The decision was made by the Michigan Capitol Commission, which governs operations of the Victorian-era structure listed on the National Registry of Historic Places.

The decision to close the Capitol on weekends came as the state was in a deep recession and short on money.

Timo Newton Syms/Flickr

The Michigan Senate has taken an initial step toward overhauling Michigan’s no-fault auto insurance system.

The legislation would set limits on what hospitals could charge insurance companies. It would also cap what insurers can be charged for in-home care for people severely injured in car accidents.

“The best approach to bringing down insurance rates in Michigan is to get costs out of the system – to get costs out of the system,” said state Senator Joe Hune (R-Fowlerville), who chairs the Senate Insurance Committee,

Michigan’s unemployment rate has dropped to 5.6 percent. That’s a reduction of three-tenths of a percentage point, which is a bigger-than-usual adjustment.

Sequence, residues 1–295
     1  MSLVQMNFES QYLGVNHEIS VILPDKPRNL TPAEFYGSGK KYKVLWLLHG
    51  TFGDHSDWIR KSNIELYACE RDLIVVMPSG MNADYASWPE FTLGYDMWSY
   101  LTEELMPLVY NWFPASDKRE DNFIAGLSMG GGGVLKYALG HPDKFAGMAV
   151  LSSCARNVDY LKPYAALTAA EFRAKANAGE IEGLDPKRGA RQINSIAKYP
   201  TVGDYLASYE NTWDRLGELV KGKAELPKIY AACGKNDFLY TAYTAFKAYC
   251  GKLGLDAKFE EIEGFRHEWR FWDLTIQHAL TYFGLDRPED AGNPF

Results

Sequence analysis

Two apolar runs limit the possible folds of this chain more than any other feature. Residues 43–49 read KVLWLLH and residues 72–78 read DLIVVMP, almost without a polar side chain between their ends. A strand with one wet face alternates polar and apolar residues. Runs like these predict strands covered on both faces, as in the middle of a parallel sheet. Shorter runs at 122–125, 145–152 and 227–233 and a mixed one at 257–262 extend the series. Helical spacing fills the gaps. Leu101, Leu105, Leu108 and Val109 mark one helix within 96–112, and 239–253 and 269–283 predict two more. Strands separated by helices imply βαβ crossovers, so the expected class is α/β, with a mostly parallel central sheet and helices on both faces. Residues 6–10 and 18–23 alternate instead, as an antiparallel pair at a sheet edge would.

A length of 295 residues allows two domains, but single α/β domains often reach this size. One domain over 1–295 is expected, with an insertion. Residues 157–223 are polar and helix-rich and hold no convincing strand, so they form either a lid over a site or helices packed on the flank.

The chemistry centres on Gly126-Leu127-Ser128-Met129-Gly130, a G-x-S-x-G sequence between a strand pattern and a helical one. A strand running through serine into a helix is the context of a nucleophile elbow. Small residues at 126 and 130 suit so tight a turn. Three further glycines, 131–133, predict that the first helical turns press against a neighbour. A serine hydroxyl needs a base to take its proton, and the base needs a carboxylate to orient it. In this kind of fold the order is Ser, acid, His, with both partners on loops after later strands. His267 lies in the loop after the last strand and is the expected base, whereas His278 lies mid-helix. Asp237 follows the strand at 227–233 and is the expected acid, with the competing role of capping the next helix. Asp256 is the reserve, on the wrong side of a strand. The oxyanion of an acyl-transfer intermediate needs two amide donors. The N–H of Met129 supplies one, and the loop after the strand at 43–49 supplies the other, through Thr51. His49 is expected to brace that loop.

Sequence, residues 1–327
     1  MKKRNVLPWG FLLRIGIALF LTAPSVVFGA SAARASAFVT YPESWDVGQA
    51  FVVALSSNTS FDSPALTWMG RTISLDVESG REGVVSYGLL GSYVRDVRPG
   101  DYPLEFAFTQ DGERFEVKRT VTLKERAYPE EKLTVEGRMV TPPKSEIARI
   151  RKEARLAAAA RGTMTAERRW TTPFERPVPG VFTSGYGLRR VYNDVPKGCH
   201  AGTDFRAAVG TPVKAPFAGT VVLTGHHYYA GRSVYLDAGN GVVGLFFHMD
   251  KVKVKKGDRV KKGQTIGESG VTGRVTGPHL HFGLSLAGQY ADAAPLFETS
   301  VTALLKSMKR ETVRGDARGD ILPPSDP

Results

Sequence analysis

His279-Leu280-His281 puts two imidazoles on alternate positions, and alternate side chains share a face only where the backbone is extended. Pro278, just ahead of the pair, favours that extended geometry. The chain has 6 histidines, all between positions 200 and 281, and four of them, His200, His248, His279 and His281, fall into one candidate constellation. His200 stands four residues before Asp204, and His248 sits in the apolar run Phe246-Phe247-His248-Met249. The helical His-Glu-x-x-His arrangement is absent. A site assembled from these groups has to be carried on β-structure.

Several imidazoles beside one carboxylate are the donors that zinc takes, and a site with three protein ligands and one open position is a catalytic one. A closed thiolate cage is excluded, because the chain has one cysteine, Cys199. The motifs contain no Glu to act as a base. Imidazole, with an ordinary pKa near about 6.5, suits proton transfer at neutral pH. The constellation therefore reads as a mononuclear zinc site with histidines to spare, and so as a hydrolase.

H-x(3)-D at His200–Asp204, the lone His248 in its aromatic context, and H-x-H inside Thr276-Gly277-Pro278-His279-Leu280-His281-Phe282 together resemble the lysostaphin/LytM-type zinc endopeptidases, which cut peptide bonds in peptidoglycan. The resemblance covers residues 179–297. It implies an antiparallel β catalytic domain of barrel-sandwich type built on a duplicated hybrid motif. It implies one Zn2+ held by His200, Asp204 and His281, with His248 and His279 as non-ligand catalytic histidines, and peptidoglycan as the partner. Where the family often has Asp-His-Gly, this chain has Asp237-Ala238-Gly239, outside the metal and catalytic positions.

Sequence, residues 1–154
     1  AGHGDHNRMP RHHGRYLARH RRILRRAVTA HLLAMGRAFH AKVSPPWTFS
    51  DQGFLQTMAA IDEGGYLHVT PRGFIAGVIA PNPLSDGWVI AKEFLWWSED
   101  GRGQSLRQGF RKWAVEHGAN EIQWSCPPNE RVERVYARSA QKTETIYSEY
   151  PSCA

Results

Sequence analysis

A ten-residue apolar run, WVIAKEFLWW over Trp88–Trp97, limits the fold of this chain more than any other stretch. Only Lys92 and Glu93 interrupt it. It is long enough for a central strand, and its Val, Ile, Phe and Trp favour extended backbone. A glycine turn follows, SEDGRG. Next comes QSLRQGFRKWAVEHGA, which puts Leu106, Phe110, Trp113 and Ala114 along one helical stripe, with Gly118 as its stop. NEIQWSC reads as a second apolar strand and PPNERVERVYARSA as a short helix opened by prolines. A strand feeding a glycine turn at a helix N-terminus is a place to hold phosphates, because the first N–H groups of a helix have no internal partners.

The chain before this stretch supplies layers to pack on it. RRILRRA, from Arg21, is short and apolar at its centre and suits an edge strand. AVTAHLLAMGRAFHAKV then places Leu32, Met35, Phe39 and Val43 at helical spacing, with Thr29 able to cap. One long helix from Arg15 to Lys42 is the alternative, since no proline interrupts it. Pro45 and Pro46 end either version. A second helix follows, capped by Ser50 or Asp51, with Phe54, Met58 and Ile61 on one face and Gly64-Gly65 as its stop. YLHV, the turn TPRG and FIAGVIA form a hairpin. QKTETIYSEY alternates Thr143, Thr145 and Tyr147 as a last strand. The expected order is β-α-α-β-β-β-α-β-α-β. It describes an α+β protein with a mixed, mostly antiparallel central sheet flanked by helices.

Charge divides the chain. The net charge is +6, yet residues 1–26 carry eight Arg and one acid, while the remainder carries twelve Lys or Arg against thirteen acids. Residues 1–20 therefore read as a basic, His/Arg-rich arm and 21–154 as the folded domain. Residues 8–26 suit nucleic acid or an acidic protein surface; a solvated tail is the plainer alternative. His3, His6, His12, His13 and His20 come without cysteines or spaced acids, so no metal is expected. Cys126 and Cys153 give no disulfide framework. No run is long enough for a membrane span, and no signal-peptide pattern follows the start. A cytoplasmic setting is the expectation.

But that decline in the monthly rate is due to a reduction in the workforce, as it’s measured by the US Bureau of Labor Statistics and the state Bureau of Labor Market Information and Strategic Initiatives. Actual month-to-month new hiring was flat, but there were fewer people competing for those jobs.

That didn’t stop Governor Rick Snyder (R) from trumpeting the new jobs numbers in a prepared statement:

The campaign to ban the drilling process known as “fracking” plans to launch a petition drive next month. This will be the third time the anti-fracking campaign has tried to get lawmakers or voters to adopt a ban.